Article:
The results showed that the average length of marriage was extremely limited and declined. It resulted in a reduction of children produced by marriage and did not sustain slavery and population growth. During that period, influxes of women slaves from and Africa arrived in the region.

It seems valid if people stayed married four centuries ago, and produced more children; it would have supported the demands for labor. Centuries later, independence has caused more social and economic struggles, as residual footprints in customs, laws, beliefs until now encounter the ghosts of the past.

Recently, the Jamaica Gleaner reported on an anti-gay march in St Thomas in response to a proposed bill that would recognize marriage as an official union between two people and not the traditional man and woman.

Some 150 years later, several Jamaicans opposed amending, the Buggery Act that was created during colonial rule around 1861.

Today, many leaders in the region remain silent on amendments or new human rights laws. The anti-gay protesters believe that homosexuals and their agenda are bad for strong and healthy families, righteousness, and justice.

What if those colonial rulers saw homosexuality as a threat to their business model and created those laws?

The economics

The gay, lesbian, and transgender community spend an estimated over 550 billion dollars according to Curve Magazine each year. Given its influence, especially along blue water and white sand, promoting more education, and other grassroots support is vital.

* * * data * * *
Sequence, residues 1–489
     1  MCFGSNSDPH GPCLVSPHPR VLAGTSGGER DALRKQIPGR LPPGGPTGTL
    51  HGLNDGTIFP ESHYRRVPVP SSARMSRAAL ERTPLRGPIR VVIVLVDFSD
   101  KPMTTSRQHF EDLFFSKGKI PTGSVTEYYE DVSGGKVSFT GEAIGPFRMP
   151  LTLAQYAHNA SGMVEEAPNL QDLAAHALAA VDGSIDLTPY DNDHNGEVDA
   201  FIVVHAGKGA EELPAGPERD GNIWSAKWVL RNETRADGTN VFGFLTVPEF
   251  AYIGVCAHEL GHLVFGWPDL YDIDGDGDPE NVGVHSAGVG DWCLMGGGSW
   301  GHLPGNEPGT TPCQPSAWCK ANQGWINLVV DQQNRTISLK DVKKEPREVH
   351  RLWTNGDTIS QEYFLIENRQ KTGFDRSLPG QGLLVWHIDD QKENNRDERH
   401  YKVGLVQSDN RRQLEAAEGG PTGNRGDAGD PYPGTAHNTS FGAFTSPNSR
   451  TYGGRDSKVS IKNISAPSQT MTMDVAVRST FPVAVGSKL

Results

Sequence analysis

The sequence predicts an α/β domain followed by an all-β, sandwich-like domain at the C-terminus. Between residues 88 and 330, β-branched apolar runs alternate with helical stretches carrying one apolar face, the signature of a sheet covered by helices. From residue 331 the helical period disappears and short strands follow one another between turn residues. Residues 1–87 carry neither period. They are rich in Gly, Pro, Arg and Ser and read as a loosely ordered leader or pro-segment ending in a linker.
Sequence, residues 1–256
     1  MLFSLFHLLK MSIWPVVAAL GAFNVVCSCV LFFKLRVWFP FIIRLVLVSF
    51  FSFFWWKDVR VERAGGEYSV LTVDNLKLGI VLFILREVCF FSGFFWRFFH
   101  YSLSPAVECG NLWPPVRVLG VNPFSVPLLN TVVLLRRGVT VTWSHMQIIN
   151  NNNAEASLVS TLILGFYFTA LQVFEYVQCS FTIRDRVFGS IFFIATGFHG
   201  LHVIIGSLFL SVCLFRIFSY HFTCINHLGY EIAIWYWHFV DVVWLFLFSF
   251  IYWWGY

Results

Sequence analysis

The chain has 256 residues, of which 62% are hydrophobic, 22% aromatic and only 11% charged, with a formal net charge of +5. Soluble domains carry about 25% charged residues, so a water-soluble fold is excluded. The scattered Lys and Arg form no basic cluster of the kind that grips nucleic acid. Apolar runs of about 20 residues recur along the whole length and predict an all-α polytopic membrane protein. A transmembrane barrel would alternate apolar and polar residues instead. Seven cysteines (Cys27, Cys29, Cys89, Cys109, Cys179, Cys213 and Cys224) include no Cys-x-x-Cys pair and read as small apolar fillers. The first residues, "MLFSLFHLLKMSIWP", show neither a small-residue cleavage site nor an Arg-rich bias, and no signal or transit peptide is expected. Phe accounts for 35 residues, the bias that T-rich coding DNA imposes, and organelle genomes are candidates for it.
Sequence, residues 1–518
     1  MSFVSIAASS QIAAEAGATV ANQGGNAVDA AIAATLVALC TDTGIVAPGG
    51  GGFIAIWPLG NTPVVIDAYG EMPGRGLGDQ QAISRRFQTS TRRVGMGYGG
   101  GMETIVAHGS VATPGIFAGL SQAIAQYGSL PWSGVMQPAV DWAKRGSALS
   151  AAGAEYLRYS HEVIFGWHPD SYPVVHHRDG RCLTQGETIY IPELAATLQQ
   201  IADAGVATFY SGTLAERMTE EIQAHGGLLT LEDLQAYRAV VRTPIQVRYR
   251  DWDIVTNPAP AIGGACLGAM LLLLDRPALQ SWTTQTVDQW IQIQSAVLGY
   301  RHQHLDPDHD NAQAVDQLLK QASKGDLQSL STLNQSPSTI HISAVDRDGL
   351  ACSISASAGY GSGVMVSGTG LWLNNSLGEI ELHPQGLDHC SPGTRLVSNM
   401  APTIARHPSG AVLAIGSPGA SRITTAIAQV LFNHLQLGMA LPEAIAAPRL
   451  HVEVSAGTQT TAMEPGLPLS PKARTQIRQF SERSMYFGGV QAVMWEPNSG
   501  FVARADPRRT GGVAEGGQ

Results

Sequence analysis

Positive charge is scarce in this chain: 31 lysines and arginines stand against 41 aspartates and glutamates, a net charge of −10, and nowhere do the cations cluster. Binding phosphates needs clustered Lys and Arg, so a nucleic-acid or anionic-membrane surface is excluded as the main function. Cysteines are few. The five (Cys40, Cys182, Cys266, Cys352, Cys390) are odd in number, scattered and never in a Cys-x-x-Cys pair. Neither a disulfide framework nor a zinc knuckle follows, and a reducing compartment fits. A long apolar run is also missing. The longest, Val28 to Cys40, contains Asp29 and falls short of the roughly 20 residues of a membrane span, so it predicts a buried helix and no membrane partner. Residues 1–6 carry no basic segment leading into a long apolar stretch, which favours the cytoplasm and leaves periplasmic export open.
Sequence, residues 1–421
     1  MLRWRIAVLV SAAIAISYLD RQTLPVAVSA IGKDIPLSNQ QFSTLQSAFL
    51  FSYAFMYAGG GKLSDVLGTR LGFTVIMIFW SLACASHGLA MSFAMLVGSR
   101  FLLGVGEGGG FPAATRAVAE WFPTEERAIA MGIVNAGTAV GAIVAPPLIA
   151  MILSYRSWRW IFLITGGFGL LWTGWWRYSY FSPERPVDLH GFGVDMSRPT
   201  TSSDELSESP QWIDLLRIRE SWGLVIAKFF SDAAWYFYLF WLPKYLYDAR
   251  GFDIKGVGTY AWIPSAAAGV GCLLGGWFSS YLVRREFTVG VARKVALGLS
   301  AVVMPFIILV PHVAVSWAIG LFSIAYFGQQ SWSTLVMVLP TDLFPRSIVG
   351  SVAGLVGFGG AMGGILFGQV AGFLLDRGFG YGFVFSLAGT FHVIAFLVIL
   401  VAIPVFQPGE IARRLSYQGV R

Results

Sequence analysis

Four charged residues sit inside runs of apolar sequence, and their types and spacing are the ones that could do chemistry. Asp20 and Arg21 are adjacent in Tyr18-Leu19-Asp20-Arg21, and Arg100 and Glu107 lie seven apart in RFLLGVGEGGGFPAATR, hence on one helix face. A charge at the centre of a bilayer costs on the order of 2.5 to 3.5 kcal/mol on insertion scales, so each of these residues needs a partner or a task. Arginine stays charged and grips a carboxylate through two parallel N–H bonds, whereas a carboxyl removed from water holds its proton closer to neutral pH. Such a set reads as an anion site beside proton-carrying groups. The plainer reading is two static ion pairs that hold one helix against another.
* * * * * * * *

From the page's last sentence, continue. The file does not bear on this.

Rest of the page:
Some of these exclusive vacation spots globally cannot afford to avoid potential revenue, despite their position in the gay community.

The Advocate also noted that ‘with over 1.4 million LGBT business owners (and growing) the LGBT community earn its place at the table of economic opportunity with an input to the economy over $1.7 trillion, and an estimated 33,000 jobs.

Today, many people could have lived to their full potential thereby becoming famous stars, teachers, and police officers, but they were not welcome for being gay. Many left their communities to find comfort elsewhere living in the shadow.

The community strategically should not have to plan gay vacation routes based only on gay-friendly destinations in the Caribbean, Africa, or any other regions as if it is an election strategy targeting only your registered voters.

An elusive tide for change as the fight continues:

History also has shown the quest for equality does not sit comfortably with few on ideological grounds.